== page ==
It’s time to talk about the Black elitism and anti-Blackness portrayed on ‘This is Us’
I have written about NBC’s Emmy-winning hit show This is Us before. Once to critique the show for its (mis)handling of fatness and at another time to praise it for its depiction of anxiety and depression. But, I have never written in any real depth about how the show deals with (or attempts to deal with) race. I am realizing I am conflicted where this issue is concerned.
I have to start by making an admission. I was fourteen or fifteen when I saw my first bootleg copy of a Tyler Perry play that someone had sold my mom outside of a Blockbuster in Oakland. We had heard there was this amazing actor, writer, and producer on the chitlin’ circuit who was innovating stories about the Black Experience. And, as I watched the grainy cassette tape of “I Can Do Bad All By Myself,” a story about abandoned Black girls, sexual abuse of Black sisters, and a family of women doing all of the emotional labor to hold their family together despite the general absence and ambivalence of their male counterparts, I remember feeling heartened by the fact that “our stories” were being told.
As years passed and Perry made more and more films depicting Black women’s lives as inherently about deprivation, loneliness, the absence of sexual desire, mammydom, and a general distance from their own identities outside of the male gaze, I slowly came to the conclusion that having just any ol’ body tell our stories would never suffice. Not only that, our stories require finesse, nuance, and deliberation that the heavy-handed, misogynistic touch of Perry could never really take full stock of.
That’s why, when This Is Us first aired, I wasn’t quick to become a viewer.
I was apprehensive about putting faith in NBC to do any justice with the melanated characters who so many of my friends and fellow-sitcom consumers were enamored with. Further, the mere idea of watching a story about a Black family that is only really seen as valid and television-worthy because of their linkage to a white family didn’t sit well with me. But, over time I relented. And, while the show has handled some storylines incredibly well (especially those dealing with loss, grief, and mental illness), it still paints a picture of blackness that is patriarchal, elitist, class-oriented, and anti-Black in many respects.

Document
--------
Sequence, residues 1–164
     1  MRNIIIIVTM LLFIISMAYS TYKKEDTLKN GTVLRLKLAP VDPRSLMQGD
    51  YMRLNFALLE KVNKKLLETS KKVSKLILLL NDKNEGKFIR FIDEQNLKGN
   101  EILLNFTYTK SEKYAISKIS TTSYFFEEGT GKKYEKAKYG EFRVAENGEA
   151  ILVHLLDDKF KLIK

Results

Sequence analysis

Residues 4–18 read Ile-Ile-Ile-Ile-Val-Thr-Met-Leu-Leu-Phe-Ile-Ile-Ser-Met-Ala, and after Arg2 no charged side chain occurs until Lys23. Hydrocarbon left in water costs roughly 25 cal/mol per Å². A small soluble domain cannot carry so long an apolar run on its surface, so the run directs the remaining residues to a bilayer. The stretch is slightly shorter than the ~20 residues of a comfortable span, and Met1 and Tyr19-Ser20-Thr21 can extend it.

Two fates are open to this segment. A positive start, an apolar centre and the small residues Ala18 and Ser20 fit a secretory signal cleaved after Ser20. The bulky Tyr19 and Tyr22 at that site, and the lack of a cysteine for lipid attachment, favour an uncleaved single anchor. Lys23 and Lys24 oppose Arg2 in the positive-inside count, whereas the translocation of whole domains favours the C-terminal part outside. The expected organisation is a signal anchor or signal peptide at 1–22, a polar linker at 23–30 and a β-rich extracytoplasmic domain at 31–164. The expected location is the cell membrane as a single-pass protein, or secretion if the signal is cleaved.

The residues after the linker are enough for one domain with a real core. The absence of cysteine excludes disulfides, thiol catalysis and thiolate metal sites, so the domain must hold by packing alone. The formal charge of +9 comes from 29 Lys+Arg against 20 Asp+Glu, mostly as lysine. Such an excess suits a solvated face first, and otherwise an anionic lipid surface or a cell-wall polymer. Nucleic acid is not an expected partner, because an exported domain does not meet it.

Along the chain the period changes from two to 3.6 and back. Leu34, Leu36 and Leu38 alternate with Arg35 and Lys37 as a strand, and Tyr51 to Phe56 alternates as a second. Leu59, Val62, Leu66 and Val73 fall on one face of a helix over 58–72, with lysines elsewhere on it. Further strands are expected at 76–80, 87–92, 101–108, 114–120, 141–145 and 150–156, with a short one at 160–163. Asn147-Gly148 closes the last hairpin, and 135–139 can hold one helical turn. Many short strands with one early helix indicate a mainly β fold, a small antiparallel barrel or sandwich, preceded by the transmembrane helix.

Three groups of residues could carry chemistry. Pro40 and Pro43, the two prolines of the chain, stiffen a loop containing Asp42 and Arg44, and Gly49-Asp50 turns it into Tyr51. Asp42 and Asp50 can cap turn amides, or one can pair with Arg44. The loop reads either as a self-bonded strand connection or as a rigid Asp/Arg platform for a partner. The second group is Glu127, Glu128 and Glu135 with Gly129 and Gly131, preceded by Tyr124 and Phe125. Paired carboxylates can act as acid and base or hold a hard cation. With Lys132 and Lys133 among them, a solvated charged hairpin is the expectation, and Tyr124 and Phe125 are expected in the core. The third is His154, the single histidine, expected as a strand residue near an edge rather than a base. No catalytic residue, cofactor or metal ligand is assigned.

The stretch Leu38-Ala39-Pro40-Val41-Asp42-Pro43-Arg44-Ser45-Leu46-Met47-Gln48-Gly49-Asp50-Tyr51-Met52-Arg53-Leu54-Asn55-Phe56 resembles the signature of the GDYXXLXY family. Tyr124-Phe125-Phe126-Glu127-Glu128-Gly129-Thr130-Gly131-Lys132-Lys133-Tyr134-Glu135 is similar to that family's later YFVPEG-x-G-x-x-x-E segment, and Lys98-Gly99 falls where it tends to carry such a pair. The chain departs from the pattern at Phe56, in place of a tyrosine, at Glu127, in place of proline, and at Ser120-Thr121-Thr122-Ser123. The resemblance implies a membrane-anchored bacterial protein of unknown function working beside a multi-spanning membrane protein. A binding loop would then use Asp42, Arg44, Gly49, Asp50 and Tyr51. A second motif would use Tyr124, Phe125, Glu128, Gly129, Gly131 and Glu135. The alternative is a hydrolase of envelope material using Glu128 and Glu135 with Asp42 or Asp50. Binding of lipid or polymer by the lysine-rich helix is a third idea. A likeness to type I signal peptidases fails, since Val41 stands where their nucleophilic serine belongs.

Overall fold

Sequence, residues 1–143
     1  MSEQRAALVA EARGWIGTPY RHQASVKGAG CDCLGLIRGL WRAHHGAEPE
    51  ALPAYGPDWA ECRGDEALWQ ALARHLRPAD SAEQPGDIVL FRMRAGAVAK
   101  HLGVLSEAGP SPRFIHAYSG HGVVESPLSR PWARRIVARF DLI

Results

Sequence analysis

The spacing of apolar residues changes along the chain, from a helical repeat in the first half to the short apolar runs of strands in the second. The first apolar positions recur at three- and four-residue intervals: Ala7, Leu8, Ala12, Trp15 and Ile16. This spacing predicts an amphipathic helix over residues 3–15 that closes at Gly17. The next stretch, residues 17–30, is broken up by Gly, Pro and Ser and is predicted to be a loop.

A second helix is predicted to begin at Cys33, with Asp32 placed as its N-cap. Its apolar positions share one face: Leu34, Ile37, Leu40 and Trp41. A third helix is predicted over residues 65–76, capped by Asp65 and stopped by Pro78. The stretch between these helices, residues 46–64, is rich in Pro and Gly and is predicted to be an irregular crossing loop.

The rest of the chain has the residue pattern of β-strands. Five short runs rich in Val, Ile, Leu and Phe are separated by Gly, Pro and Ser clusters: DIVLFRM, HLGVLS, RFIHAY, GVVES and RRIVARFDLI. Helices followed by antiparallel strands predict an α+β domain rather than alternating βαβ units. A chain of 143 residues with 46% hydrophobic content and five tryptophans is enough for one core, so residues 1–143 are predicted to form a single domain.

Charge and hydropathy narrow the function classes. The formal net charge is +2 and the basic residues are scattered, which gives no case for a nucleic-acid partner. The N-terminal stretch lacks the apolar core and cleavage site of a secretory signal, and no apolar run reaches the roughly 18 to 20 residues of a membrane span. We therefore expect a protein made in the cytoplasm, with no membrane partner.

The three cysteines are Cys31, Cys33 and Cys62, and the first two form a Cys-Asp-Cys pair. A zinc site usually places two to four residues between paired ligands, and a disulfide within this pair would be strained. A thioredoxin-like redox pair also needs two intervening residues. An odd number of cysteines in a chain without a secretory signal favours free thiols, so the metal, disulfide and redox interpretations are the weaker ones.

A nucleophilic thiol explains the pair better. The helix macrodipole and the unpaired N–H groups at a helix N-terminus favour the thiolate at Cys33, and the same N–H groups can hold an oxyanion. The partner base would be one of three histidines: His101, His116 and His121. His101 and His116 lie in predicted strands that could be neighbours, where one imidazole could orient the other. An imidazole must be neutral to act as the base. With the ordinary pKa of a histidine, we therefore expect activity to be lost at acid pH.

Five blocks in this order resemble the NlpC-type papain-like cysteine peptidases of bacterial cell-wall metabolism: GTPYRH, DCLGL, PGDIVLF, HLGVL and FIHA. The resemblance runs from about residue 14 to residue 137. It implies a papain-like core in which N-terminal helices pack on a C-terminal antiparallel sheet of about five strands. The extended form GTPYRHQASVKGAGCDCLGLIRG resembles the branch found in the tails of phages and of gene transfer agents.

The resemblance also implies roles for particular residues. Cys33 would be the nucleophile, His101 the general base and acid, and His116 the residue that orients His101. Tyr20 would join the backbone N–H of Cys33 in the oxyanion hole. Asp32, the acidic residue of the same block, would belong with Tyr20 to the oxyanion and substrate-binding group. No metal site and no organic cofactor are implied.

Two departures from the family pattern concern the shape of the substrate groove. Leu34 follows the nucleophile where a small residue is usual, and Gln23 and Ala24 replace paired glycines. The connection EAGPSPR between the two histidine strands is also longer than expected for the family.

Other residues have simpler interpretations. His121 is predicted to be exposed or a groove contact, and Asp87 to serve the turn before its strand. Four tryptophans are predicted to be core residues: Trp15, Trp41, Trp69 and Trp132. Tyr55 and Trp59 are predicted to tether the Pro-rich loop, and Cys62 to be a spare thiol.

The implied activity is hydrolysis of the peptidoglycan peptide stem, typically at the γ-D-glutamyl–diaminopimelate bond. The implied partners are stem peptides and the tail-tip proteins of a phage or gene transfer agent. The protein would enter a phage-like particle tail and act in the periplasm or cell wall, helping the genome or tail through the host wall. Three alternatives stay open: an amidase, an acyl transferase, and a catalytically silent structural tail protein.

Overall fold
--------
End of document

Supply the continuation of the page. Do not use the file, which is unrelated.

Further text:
This became clearest to me as I watched the storyline unfold with Randall Pearson (Sterling K. Brown) and Beth (Susan Kelechi Watson) as they endeavored to adopt or foster a child during the final episodes of Season 2.
In summary, Randall and Beth quibble over whether or not to adopt. And, in the end, they decide on fostering an older child who is less likely to be adopted. This is something Randall feels strongly about given his own adoption story. Soon, 12-year-old Deja (Lyric Ross) is placed in their household. Randall immediately begins raising his voice around her and entering her personal space without consent (two things that are extremely triggering for her since she is coming from an abusive home). As we meet her mother Shauna in Episode 7, Randall and Beth show her little grace. Instead they shame her and prop Beth up as the ideal Black woman while Shauna is positioned as a failure. When Shauna is released from prison and wants to pick up her daughter, Randall’s and Beth’s first instincts are to pursue legal means to keep Deja in their home, believing that Shauna is an “unfit mother” who lost rights to her child when she became incarcerated. This predictable and disappointing storyline lingers on until the family decides to let Deja go back to her mother, a moment we are supposed to see as a point of personal growth.
As the fostering story unfolds and eventually comes to a close, we are given a glimpse into an ugly reality about the Black members of the Pearson clan: they, too, are anti-Black.